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I have a directory with several sub-directories, these sub-directories have many files and I'm interested in *.txt files. I want to go to every sub-directory, read the *.txt file and print a certain line matching a "pattern". I would prefer to have it as a one-liner.

Here is the command what I tried.

for i in $(ls -d *_fastqc); do cd $i; awk '/FAIL/ {print $0}' ls -l su*.txt; done

I get an error command for this, as:

awk: cmd. line:1: fatal: cannot open file `-rw-rw-r--' for reading (No such file or directory)

What might be going wrong here?

marked as duplicate by l'L'l, Tensibai, Paul Brinkley, Lars Fischer, fedorqui awk Jan 19 '17 at 11:07

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  • The error comes from your ls -l showing long format as input for awk. try ls -1 but the link in previous comment is the correct way to go instead of looping. – Tensibai Jan 9 '17 at 13:11

Awk is not the right tool meant for this, see why you shouldn't be parsing ls ouput,

Rather use GNU find to list the files matching your criterion with xargs for de-limiting the output returned from find and grep for pattern-matching.

find . -type f -name "*.txt" -print0 | xargs -0 grep "FAIL"

-print0 (a GNU find specific option) appends a NULL character at end of each file/directory to handle files with white-spaces/special-characters and xargs -0 splits input from stdin with \0 as the de-limiter. Using grep on the returned file to return the line from the file if matched.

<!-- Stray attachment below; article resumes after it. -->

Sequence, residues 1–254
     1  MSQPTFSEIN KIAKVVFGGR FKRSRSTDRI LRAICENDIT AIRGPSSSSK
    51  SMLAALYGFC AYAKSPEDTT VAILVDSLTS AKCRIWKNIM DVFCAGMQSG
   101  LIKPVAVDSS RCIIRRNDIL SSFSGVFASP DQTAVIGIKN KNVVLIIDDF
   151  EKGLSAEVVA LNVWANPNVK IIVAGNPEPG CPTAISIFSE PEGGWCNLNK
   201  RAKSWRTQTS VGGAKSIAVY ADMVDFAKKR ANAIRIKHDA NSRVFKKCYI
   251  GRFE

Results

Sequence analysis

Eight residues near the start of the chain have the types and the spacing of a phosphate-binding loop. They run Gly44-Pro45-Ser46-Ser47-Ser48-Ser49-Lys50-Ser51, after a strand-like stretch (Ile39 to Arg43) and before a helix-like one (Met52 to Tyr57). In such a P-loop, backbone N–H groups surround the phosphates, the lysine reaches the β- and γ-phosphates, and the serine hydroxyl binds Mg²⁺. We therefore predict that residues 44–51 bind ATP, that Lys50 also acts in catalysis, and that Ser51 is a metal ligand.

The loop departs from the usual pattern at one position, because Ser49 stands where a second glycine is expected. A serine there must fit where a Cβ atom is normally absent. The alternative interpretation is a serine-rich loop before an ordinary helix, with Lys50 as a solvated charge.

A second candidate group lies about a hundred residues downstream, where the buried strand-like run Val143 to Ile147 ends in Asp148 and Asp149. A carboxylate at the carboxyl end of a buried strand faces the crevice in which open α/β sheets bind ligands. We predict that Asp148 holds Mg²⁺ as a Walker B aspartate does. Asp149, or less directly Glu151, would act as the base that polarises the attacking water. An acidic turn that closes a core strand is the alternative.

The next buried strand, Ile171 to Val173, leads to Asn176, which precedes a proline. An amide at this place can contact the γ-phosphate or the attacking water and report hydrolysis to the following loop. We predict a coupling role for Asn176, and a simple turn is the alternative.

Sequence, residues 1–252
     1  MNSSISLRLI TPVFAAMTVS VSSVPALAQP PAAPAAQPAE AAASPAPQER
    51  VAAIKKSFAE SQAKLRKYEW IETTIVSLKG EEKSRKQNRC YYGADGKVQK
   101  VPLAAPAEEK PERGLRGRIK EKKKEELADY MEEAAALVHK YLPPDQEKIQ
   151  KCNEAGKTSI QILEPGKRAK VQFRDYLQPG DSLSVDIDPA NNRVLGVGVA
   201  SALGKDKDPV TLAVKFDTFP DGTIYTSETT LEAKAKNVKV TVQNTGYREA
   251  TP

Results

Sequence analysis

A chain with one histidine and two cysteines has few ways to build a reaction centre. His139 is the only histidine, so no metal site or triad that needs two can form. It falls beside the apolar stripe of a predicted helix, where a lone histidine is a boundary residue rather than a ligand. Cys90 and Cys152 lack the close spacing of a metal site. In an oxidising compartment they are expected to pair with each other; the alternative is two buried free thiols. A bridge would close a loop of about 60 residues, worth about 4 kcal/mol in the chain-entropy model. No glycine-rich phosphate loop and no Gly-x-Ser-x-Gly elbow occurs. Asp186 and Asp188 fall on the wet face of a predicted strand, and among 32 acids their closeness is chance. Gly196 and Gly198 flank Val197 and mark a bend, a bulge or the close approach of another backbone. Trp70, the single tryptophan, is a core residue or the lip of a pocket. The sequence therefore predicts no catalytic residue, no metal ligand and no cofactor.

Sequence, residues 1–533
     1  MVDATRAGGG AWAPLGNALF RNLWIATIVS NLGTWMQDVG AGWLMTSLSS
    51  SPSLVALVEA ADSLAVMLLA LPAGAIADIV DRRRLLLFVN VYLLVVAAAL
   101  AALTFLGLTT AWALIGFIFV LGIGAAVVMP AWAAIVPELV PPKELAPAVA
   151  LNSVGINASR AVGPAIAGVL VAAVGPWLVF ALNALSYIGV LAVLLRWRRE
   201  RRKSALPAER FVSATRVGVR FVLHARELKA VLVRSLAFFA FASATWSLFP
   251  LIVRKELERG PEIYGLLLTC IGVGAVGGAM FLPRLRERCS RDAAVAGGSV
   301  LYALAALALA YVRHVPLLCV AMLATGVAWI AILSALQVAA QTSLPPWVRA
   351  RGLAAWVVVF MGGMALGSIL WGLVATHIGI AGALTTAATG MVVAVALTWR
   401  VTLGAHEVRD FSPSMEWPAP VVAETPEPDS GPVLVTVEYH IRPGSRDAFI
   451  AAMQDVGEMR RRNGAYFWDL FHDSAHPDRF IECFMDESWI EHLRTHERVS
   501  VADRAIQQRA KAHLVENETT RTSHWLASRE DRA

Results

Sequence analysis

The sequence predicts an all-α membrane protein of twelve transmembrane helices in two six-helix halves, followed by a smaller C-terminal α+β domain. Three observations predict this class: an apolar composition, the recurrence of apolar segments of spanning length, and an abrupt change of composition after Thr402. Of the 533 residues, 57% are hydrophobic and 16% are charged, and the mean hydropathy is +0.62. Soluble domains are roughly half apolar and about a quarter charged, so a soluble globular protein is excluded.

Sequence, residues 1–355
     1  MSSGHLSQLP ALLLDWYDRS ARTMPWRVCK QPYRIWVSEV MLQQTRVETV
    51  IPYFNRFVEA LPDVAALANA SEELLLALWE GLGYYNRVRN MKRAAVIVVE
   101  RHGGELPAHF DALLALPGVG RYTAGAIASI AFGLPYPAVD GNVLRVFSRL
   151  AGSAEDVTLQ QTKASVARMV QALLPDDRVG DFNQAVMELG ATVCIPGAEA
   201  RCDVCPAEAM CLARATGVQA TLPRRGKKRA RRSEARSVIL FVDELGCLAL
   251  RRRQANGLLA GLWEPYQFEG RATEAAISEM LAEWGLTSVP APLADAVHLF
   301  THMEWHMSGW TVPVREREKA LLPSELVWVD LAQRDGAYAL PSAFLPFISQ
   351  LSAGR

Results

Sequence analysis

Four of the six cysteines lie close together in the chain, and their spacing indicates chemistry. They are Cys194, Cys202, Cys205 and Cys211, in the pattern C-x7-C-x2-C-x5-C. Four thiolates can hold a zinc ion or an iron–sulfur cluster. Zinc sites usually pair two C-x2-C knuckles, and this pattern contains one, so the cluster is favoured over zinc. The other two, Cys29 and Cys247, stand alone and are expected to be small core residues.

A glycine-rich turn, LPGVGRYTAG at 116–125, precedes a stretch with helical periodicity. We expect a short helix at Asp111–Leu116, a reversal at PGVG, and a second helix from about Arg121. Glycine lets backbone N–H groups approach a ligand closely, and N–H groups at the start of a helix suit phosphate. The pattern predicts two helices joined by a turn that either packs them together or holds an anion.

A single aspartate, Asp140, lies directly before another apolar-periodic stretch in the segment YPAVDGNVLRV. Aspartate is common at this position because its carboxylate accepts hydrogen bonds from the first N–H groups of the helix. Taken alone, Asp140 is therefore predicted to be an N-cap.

• 1
    xargs is unnecessary here... find -type f -name '*.txt' -exec grep -F 'FAIL' {} + – Sundeep Jan 9 '17 at 10:15
  • 1
    also, can use GNU grep, without needing find... grep --include='*.txt' -rF 'FAIL' – Sundeep Jan 9 '17 at 10:23
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    @Sundeep the GNU guys really screwed up by giving grep options to find files. There's a perfectly good tool for that with a perfectly obvious name. What will they give grep next - options to sort it's output or options to stat files? The tool to find files is named find - just use it. – Ed Morton Jan 9 '17 at 19:37
  • @EdMorton not agree, find is to find file, grep to find element (text) in file or stream. In this case you are forking the grep when using the find first. So it will depend on otehr criteria to define which way is the best (perf, memory, code reading, compatibility, ...) – NeronLeVelu Oct 10 '18 at 9:02
  • @NeronLeVelu I understand the possible performance impact but find (in Sundeeps first comment) will be calling grep with multiple files at a time, not just 1, which minimizes any potential performance benefit of grep -r. The fact that grep -r is doing what find already does violates the UNIX principle of each tool doing one thing well and made the potential arg list nightmarish. By giving grep arguments to find files they made it inconsistent with every other tool that reads files, e.g. sed, awk, cat, sort, uniq, head, tail, etc. You could argue the performance improvement for all of those too – Ed Morton Oct 10 '18 at 12:09

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